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Shady, a downtown resident, has brought me here to show me one of his favourite cafes. Here, artists, architects, students and journalists drink side by side.
He's happy to say it hasn't changed much in the last year. Even in a country that is now
For him, Cairo today is almost the same as Cairo a year ago: the traffic is still crazy, the streets are still crowded, and his friends still order beers in packed bars.
And yet, walking around the city earlier, I saw stalls selling shoes, T-shirts and books standing beside those selling personal tasers.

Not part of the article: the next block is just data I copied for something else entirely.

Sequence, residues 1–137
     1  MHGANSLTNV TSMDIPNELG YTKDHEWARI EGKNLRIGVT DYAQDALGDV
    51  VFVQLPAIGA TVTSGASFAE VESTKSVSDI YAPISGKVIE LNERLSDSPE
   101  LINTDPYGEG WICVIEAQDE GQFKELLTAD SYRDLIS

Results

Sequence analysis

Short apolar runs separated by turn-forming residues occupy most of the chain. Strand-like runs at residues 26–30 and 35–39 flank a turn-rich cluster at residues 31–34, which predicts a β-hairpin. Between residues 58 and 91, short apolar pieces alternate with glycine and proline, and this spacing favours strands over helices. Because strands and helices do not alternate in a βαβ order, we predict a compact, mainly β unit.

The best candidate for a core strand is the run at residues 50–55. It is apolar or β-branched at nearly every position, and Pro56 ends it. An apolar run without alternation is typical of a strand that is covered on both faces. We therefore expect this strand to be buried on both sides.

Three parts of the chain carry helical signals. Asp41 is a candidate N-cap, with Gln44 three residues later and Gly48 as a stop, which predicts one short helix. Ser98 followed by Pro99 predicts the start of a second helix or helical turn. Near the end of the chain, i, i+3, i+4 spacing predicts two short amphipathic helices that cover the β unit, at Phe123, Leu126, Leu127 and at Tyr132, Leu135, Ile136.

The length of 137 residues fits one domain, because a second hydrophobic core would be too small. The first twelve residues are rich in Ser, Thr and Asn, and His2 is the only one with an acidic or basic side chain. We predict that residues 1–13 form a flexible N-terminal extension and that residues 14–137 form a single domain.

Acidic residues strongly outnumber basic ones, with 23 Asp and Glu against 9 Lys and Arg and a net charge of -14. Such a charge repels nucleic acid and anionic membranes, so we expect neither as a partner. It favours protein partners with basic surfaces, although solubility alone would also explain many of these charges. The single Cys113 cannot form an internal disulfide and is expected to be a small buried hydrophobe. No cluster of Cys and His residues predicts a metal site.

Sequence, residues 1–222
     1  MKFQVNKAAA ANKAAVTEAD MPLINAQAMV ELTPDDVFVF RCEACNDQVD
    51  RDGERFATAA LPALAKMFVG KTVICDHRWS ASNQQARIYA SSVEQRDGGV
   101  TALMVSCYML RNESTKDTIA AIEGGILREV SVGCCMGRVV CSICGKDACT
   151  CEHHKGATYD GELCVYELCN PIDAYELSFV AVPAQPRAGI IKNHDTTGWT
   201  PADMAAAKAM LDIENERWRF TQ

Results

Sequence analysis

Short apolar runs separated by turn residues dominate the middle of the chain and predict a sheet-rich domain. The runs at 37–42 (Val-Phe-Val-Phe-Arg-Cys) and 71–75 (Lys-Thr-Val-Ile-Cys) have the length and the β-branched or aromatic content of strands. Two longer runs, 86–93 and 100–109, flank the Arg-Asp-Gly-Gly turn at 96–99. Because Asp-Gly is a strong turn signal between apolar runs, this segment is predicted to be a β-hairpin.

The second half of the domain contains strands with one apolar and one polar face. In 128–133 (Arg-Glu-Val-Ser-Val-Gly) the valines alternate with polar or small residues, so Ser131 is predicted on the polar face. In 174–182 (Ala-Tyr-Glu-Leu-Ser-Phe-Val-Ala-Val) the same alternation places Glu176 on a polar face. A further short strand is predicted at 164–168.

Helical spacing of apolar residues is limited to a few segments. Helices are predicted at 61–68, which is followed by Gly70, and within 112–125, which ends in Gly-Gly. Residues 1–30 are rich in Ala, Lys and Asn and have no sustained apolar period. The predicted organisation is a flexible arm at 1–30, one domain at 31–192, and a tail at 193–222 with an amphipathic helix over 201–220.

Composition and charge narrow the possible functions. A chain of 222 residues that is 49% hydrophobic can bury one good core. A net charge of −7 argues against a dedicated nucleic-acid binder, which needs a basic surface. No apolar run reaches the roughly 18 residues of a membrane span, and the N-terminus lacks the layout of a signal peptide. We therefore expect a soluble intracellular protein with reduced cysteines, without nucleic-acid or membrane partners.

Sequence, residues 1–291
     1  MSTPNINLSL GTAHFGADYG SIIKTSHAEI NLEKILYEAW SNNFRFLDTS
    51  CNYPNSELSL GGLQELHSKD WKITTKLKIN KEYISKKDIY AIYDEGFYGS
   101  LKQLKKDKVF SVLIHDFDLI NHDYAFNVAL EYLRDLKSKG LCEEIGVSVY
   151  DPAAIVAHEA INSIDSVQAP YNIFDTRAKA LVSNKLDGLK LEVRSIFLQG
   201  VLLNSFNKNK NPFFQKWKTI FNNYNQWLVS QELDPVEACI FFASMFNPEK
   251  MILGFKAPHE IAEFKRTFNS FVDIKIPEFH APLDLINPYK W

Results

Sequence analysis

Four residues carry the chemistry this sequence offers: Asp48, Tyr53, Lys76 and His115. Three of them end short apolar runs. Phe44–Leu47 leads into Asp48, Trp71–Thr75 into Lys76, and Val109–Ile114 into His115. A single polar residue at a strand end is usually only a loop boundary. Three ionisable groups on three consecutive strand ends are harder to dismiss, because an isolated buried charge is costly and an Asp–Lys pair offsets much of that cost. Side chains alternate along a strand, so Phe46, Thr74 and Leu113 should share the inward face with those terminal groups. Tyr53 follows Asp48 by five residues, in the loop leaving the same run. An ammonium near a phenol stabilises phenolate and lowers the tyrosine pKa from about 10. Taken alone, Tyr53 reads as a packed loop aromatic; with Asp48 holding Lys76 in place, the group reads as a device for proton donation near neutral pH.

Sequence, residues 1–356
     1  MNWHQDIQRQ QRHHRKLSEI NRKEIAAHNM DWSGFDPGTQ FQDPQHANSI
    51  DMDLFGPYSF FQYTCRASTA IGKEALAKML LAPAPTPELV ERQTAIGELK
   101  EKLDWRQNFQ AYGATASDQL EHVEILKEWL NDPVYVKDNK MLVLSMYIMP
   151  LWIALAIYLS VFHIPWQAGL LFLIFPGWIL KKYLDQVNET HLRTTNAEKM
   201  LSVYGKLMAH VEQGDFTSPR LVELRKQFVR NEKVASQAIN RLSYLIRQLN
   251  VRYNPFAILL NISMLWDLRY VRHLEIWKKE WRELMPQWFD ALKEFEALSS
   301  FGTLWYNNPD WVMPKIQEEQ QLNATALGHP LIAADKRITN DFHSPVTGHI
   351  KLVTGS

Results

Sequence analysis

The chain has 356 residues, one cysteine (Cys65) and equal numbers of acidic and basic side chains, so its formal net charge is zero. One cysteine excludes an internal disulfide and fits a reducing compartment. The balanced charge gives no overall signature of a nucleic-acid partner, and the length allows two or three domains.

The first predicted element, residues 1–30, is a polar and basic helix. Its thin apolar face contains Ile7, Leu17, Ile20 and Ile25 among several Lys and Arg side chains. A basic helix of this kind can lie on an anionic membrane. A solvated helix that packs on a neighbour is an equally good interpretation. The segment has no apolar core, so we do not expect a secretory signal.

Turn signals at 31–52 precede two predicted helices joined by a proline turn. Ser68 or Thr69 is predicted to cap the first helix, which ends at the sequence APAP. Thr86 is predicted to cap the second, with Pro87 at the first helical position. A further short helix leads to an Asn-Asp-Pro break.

Perhaps unsurprisingly, there are few tourists venturing to Tahrir Square, and even the nearby Here, one is as likely to see memorials to the uprising as travel agents offering trips to the pyramids and Luxor.
Street art, too, seems to be everywhere. From the city's salubriousdistrict, known to many as the embassy belt, to historic Islamic Cairo, intricate, beautiful, well-crafted political graffiti adorns walls, bridges and roadsides, and speaks of a society in flux.
"Revolution," screams a spray painted figure emblazoned with the anarcho-punk A symbol, in a graffito ofearby, a solitary veiled woman stares from the side of a wall in another near Talaat Harb.
But for residents of Cairo like Shady, the city isn't all about revolution and change. And indeed, hours later, another bottle hits the floor, and El Horryia once again fills up with cheers and claps.
Life here might be vastly different in many ways, but here, tonight, tradition carries on.
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